The Moskva gained notoriety early in the war when the crew demanded the surrender of Ukrainian forces on Snake Island, prompting a riposte by radio from one of the border guards on the island: “Russian warship, go fuck yourself.”
The phrase instantly became synonymous with Ukrainian defiance, and is now a universal meme. The day before the Moskva was sunk, Zelenskiy unveiled a new postage stamp portraying the ship and the Ukrainian border guard with his middle finger raised.
Russia says Moskva warship has sunk after Ukraine claims missile strike
Russia’s Black Sea flagship missile cruiser, the Moskva, sunk while being towed to a port after an explosion, the Russian defence ministry has claimed. It comes after Ukraine on Wednesday said its military struck the Moskva with Neptune anti-ship cruise missiles, while distracting its crew with an aerial drone, causing it to start sinking and forcing the crew of 500 to abandon ship.
Russia’s defence ministry initially denied reports that it had sunk and claimed the fires had been extinguished. It said four Russian ships that had gone to the Moskva’s rescue were hampered by bad weather and by ammunition blowing up on board.
Late on Thursday the ministry said in a statement: “The cruiser ship Moskva lost its stability when it was towed to the port because of the damage to the ship’s hull that it received during the fire from the detonation of ammunition. In stormy sea conditions, the ship sank.”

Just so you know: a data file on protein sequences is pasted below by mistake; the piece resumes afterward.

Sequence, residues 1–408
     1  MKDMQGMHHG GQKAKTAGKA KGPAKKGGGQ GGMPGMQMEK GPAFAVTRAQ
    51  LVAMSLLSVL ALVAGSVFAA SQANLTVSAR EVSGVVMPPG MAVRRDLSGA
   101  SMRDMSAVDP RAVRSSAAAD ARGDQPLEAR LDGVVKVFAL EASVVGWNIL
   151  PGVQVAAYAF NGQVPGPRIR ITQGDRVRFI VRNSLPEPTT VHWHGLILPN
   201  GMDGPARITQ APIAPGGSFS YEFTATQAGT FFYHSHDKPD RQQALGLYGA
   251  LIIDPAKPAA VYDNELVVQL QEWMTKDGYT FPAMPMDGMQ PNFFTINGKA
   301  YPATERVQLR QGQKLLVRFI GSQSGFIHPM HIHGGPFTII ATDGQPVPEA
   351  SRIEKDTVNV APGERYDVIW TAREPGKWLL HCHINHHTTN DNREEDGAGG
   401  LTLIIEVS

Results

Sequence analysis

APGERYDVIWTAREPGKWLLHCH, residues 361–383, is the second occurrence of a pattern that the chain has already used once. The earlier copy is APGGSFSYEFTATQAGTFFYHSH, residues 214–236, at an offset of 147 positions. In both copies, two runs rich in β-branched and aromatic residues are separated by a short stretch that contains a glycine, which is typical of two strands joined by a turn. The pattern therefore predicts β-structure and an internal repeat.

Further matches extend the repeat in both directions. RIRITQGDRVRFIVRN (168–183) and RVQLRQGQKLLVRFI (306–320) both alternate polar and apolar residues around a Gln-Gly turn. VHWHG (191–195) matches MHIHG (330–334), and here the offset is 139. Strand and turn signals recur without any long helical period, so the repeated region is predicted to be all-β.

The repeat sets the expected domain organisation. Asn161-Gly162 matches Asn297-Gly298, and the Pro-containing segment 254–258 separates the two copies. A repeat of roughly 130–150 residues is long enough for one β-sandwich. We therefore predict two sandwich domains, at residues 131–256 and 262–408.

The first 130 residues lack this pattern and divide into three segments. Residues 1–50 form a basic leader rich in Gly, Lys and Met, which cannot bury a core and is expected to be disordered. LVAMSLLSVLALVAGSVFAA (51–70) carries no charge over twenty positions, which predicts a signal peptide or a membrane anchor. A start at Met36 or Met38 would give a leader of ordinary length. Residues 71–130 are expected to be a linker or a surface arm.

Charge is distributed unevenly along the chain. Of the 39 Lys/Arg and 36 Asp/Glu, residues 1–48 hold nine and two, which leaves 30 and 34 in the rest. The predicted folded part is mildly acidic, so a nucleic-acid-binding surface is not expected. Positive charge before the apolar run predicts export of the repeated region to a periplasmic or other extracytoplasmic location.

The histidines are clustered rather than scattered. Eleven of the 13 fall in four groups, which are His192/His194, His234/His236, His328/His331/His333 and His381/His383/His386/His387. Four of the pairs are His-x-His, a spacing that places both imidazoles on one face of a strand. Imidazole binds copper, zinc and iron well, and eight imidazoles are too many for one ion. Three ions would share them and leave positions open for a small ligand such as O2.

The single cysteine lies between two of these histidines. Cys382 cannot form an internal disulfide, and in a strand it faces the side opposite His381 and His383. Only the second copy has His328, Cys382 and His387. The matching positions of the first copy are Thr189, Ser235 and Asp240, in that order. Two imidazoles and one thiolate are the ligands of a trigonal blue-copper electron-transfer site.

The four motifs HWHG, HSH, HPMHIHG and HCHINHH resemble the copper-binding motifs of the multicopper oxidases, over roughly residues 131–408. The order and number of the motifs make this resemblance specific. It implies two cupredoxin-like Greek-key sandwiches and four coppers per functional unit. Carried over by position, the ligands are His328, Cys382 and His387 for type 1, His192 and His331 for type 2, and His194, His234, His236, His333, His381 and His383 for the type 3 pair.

The claim of bad weather being a factor in the sinking was questioned by observers. Mark Hertling, the former commanding general of the United States Army Europe, told CNN: “As they were towing that ship in, that very wounded ship, into Sevastopol, they claim a storm sank it. Looking at the weather report outside of Sevastopol today the winds were about four miles an hour with 40 degree [4C] temperatures and a little bit of rain.”
Hello and welcome back to the Guardian’s live coverage of the war in Ukraine.
I’m Samantha Lock and I’ll be bringing you all the latest developments before my colleague Martin Belam takes the reins a little later on.
It is approaching 8am in Ukraine. Russia’s prized warship the Moskva has sunk. Ukraine claims it was thanks to the success of a missile strike. Moscow claims a fire on board and “stormy sea conditions” were to blame. An interesting military briefing with Vladimir Putin is sure to ensue.
Here is where the situation currently stands:
- Ukraine’s president, Volodymyr Zelenskiy, has praised his people’s bravery and resolve on the 50th day of war, calling Russia’s invasion “absurd” and “suicidal” in his latest national address. “We have withstood 50 days already. Fifty days of Russian invasion, although the occupiers gave us a maximum of five,” he said.